Rollins

Cool Class: Applied Design Solutions

April 11, 2019

By Rob Humphreys ’16MBA

Joshua Almond and his students working to weatherproof the exterior of a tiny home class project.
Photo by Scott Cook.

Hammers in hand, Rollins students are exploring big concepts by building a tiny house.

Tumbleweed Salsa Box. The name might sound like a fiery entree at a dusty border cantina, but it’s actually the make and model of a 96-square-foot tiny house under construction on the Rollins campus.

Every Saturday morning this spring, 17 students in studio art professor Joshua Almond’s Rollins Foundations in the Liberal Arts (rFLA) capstone course Applied Design Solutions gathered outside the Cornell Fine Arts Museum to assemble their micro masterpiece, all the while meeting twice a week to study issues of sustainability, affordable housing, and climate change. Think of it as a hands-on way to spice up the liberal arts with practical life skills.

Professor Joshua Almond sitting at the desk with a student explaining tiny home concepts.
Photo by Scott Cook.

Instructor

Joshua Almond, associate professor of art

A student on a ladder reaching up to seal in the window of a tiny home class project.
Photo by Scott Cook.
Professor Almond marking on a piece of pvc pipe as a group of girls are standing around holding staplers and talking.
Photo by Scott Cook.

The Scoop

Apart from watching tutorial videos and consulting outside experts to ensure everything is up to code, Rollins students are doing all the work themselves. Right beside them is art professor Joshua Almond, a former contractor and volunteer with Habitat for Humanity.

“There are two or three in the class who have made things before,” says Almond, “but none have experience building houses or doing anything related to electricity or plumbing. Teaching them how to hammer in two-by-fours, drill screws, and wiring basic electrical outlets—these are good, common-sense things to know how to do around your house. But the learning curve is fairly steep.”

In addition to building the actual house, students are using 3-D modeling software to rapid-prototype a tiny home of their own design.

Students use FormZ 3-D computer modeling software to create their own tiny-house designs.Photos by Scott Cook.

“I didn’t put many parameters on this part of the project,” says Almond, “so some of them are getting really wild with their designs. But all are giving consideration to sustainability and affordability. That’s kind of the nature of the class.”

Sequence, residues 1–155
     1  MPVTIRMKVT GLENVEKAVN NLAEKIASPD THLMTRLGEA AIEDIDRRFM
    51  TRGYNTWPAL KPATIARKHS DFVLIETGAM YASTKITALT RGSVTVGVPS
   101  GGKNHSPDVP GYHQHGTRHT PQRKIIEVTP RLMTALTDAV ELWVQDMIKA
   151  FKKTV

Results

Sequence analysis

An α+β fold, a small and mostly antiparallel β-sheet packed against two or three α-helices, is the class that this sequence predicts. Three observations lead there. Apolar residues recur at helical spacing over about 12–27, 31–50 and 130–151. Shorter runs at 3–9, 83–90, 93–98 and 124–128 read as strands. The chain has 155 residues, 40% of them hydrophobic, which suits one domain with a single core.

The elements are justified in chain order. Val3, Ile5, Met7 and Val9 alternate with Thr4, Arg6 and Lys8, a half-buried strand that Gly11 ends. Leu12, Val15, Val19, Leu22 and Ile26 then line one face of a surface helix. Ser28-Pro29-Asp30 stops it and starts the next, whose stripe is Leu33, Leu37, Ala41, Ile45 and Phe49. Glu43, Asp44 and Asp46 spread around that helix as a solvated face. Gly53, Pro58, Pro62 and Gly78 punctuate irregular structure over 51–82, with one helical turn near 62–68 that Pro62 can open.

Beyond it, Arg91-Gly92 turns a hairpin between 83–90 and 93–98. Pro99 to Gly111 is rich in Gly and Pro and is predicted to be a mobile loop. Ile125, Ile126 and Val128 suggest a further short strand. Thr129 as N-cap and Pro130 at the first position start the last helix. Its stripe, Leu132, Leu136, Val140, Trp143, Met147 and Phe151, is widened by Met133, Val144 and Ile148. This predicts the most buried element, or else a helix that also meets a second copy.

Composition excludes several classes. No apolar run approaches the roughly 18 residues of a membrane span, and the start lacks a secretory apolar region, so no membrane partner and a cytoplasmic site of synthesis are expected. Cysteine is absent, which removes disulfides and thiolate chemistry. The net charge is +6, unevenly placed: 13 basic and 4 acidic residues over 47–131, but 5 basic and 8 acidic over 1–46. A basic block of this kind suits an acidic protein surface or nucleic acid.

Upon completion in early May, the tiny house will either be sold, donated to charity, or installed on campus for students to experience in some form. Either way, says Almond, he wants to keep the momentum going, perhaps even building one of the students’ designs in semesters to come.

A female college student stapling exterior weather proofing to the tiny home class project while wincing.
Photo by Scott Cook.
Professor Joshua Almond and college student kneeling in the doorway of a tiny home class project as she is using a drill to screw on a piece of plywood.
Photo by Scott Cook.

Snapshot

We dropped in on the class just as they were putting down the last of the donuts and picking up their staple guns on a beautiful Saturday spring morning. The students spent about four hours weatherproofing the tiny house with Everbilt wrap, a micro-perforated weather-resistant barrier that goes underneath the siding to block air transfer and helps the homeowner save on heating and cooling costs. Next up: window installation.

Photos by Scott Cook.

Student Perspective

Studio art major Christine Cole ’20 appreciates how the course’s hands-on nature helps her learn skills and trades that can be applied outside the classroom.

“This class allows us to discuss big concepts like homelessness and sustainability,” she says, “while also teaching us how to hammer a nail into wood, how to downsize our material possessions, and how to digitally render buildings.”

Did You Know?

Tiny homes, which typically range from 96 to 400 square feet, come in all shapes and styles. Rollins’ version, mounted to an 8-by-12-foot trailer, features a kitchen, shower, compostable toilet, loft bed, couch/futon, and porch overhang with a living garden. To meet code, the weight cannot exceed 10,000 pounds.

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